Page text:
Saturday, October 27, 2012

Courant Endorsements

The last of the Hartford Courant’s increasingly irrelevant U.S. Congressional delegation endorsements appeared in the paper on Friday.

The Courant -- shocking the entire state – endorsed U.S. Representative Chris Murphy over former soft-porn WWE impresario Linda McMahon who, in the course of her run for Joe Lieberman’s soon to be vacant seat, snubbed Connecticut’s left of center media.

Courant endorsements are “conservative” in the bad sense. Connecticut’s congressional delegation is non-diverse; all the members of the delegation are Democrats, and it is clear, following the paper’s endorsement of Elizabeth Esty over moderate Republican Andrew Roraback, that the publisher of the paper and its editorial board members prefer it this way.

Adding its endorsement of Democrat Elizabeth Esty’s to that of former Speaker of the U.S. House Nancy Pelosi, the Hartford Courant in its editorial, “Democrat's positions edge Andrew Roraback's bona fides,” tipped its hat to moderate Republican challenger Andrew Roraback’s bona fides, but found that his fides weren’t bona enough.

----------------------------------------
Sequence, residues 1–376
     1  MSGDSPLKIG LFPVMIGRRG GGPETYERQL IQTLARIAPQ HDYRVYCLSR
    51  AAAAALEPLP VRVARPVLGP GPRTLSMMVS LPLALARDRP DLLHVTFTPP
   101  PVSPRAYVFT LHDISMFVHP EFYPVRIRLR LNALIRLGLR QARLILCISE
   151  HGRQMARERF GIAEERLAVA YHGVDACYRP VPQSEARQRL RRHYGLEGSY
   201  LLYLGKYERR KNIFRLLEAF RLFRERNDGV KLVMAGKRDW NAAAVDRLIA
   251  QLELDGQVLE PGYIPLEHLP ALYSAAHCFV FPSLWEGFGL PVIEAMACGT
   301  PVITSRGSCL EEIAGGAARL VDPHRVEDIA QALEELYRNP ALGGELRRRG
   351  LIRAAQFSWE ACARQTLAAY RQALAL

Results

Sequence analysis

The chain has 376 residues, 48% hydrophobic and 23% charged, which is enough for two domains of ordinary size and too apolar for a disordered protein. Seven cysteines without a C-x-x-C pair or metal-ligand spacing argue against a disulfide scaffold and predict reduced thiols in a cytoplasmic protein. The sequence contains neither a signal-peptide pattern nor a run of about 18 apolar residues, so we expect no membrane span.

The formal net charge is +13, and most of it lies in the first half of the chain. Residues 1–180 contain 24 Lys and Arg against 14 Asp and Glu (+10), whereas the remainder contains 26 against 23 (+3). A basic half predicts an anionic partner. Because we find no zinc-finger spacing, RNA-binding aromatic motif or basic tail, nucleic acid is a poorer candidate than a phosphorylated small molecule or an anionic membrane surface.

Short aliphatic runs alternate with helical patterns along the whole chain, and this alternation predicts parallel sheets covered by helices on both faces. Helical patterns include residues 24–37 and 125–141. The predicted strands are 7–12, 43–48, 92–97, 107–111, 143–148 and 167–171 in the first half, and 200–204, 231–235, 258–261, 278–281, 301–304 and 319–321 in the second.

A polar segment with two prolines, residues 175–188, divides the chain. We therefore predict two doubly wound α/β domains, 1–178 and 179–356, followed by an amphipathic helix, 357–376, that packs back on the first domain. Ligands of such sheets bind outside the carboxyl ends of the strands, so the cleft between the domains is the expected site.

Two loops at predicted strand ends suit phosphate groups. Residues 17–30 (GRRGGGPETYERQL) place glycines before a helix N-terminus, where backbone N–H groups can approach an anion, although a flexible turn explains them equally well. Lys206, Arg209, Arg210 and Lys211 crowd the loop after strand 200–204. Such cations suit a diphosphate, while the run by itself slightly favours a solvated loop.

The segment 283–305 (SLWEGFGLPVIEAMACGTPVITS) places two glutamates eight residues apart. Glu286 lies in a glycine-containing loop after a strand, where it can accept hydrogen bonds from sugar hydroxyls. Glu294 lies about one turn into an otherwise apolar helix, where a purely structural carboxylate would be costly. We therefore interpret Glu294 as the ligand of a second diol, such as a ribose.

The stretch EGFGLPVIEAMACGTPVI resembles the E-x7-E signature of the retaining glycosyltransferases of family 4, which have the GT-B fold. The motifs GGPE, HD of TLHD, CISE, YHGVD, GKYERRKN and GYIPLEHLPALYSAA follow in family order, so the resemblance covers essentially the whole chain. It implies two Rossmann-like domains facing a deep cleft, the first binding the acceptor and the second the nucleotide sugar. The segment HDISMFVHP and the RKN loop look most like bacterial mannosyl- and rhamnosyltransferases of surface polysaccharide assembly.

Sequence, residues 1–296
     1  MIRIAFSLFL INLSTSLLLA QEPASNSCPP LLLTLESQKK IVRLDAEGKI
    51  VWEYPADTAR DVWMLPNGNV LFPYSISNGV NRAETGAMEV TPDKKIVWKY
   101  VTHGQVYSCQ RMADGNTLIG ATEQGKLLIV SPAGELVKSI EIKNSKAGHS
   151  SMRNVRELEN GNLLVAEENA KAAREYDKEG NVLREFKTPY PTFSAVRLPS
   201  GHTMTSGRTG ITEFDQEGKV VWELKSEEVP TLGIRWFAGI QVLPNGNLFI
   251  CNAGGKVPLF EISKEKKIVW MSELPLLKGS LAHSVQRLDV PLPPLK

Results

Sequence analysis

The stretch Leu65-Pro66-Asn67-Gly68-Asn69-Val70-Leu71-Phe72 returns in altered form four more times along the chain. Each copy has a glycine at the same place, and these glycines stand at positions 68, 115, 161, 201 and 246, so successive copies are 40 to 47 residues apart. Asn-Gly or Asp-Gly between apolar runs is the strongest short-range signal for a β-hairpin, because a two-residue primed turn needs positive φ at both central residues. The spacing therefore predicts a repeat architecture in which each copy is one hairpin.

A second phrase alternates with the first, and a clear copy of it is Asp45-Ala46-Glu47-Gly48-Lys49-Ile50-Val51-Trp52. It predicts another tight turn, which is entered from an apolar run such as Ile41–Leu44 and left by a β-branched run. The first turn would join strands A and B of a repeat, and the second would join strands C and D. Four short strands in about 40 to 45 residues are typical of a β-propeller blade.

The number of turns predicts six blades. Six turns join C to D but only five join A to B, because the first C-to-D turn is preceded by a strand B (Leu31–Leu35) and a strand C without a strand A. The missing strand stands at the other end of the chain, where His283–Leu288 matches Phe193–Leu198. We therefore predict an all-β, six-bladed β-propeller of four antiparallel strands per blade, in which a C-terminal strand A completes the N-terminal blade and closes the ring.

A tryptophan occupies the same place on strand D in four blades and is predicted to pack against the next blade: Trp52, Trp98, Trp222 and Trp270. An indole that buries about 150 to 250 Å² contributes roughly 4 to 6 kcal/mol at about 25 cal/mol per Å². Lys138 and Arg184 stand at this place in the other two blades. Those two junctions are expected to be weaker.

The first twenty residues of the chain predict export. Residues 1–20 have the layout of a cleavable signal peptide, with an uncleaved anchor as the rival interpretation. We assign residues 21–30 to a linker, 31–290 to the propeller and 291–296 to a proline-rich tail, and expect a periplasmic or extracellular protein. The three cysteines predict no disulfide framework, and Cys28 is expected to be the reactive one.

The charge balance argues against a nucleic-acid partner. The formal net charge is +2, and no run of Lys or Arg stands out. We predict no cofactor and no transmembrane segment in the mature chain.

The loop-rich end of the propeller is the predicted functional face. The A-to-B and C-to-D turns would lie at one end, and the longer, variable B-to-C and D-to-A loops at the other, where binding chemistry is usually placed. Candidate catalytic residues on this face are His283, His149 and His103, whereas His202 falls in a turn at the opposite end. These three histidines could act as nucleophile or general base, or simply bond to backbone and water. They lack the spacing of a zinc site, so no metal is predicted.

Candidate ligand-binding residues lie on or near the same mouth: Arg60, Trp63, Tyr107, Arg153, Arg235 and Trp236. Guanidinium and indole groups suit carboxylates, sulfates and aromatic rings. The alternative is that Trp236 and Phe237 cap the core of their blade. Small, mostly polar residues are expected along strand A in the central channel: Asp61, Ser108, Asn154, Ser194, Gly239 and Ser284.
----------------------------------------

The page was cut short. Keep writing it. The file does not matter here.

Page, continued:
Mr. Roraback has billed himself during his campaign against Mrs. Esty, the wife of Governor Dannel Malloy’s Commissioner of the Connecticut Department of Energy and Environmental Protection (DEEP), Daniel Esty, as a moderate Republican. In left of center editorial board lingo, “moderates” are much preferred over conservative and libertarian Republicans. Mr. Roraback earned his stripes as a moderate by setting himself apart from doctrinaire Republicans elsewhere in the country and flashing his bona fides as a “fiscal conservative,” code language to indicate his disassociation from disreputable“social conservatives,” not to mention toxic members of the much misunderstood– one might say purposelymisunderstood – members of the Tea Party.